I eagerly anticipated reading Mayim Bialik’s new book Beyond the Sling: A Real-Life Guide to Raising Confident, Loving Children the Attachment Parenting Way. Then I thought about skipping it entirely.
To say that I was disappointed when I read online that Bialik had not vaccinated her children would be an understatement. The anti-vax position is one that I absolutely cannot stand behind. But my disappointment went beyond my vehement disagreement with the anti-vax movement. I was disappointed that once again it seemed that a crunchymunchy lifestyle had to tick off certain qualities in order to fit into the crunchymunchy box. (She’s into co-sleeping and extended nursing so of course she must not vaccinate – ѵ Check!) Like I’ve said before, I find myself leaning towards the crunchymunchy end of parenting. But. In no way does that mean I’m going to ignore the overwhelming scientific consensus and our own country’s history of public health and endanger my child’s health and possibly the health of weaker individuals as well. I’m not here to argue against anti-vaccers. What little of that I have attempted in my personal life was an exercise in futility.
Instead, my point is that various choices get lumped together as crunchymunchy, and it’s often assumed that if one practice (say not vaccinating) is a bad choice, then another choice (say co-sleeping) is equally nutty simply because it’s practiced by the same people. For instance, I read one review of Beyond the Sling that had me steamed. The reviewer, a supremely arrogant and obnoxious man, lambasted Bialik for her anti-vax views. But then he went on to attack her views of natural childbirth implying that natural childbirth was equal to squatting in a bear den in the Appalachian woods with nary a sign of medical assistance. And this he lumped together with not vaccinating one’s children.
It made me wonder, if I subscribe to one view (natural childbirth) that may be associated with anti-vaccers, how do I know that natural childbirth isn’t also crazy? Was I just off the deep end of crazy when I opted for a natural childbirth? Or maybe really crunchymunchy people have got some things right and some things wrong. Then I can pick and choose practices to build my desired parenting style. In other words, back to my original question: How crunchymunchy am I?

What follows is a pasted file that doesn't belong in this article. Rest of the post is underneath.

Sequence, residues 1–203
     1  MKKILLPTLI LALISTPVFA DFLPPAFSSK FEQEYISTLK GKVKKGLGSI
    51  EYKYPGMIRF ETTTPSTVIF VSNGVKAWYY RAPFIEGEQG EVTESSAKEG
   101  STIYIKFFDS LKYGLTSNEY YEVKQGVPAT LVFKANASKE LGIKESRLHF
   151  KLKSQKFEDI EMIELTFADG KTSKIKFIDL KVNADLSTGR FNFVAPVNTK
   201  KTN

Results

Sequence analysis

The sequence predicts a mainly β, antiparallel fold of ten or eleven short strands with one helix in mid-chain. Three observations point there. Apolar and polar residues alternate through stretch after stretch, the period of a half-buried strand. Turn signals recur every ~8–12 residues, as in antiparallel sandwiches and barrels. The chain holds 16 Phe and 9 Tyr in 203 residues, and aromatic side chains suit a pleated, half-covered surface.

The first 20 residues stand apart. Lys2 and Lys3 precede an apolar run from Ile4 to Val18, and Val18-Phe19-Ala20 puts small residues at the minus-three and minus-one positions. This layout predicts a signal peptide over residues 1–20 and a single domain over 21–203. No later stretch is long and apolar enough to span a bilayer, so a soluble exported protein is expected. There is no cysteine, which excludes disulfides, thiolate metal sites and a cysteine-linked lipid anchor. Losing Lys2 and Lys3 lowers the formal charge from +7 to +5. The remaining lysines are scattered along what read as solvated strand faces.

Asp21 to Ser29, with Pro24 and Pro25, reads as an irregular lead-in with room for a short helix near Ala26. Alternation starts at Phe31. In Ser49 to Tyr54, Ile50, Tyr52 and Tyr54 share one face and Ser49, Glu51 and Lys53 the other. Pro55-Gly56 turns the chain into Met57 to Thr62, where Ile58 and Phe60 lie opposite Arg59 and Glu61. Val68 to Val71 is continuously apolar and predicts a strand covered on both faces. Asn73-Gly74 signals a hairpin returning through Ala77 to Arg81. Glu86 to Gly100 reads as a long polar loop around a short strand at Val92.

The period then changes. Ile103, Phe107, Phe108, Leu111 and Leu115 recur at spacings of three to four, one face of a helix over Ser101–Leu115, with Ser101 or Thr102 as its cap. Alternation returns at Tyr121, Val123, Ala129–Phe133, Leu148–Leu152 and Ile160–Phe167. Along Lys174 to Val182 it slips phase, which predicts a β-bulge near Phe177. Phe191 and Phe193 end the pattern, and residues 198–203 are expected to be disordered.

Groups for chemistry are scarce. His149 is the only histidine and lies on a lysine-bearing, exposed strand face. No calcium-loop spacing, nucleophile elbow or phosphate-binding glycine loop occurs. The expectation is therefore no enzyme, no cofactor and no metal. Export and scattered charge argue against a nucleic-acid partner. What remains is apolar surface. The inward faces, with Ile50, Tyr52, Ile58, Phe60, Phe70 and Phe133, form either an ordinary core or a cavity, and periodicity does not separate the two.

In the end, I went ahead and picked up Bialik’s book today. And I’m looking forward to reading it. Just because I don’t embrace every idea that a crunchymunchy non-vaccinating celebrity mom endorses, doesn’t mean that I can’t find positive ideas and insight from her experiences. At least, this is my hope. In the meantime, I will still endeavor to be crunchymunchy on my own terms, even if I don’t fit into a neat box.
(By the way, this condition of feeling like I don’t fit into neat boxes pervades the rest of my life as well. It can make me and my husband feel uniquely alone. For instance, I am a liberal feminist who is a devout Christian. I am also a devout Christian who does not believe that Christianity and science must be exclusive. If one were to believe the Christian conservative right, I don’t exist, because after all, all Christians necessarily agree on everything, right? No.)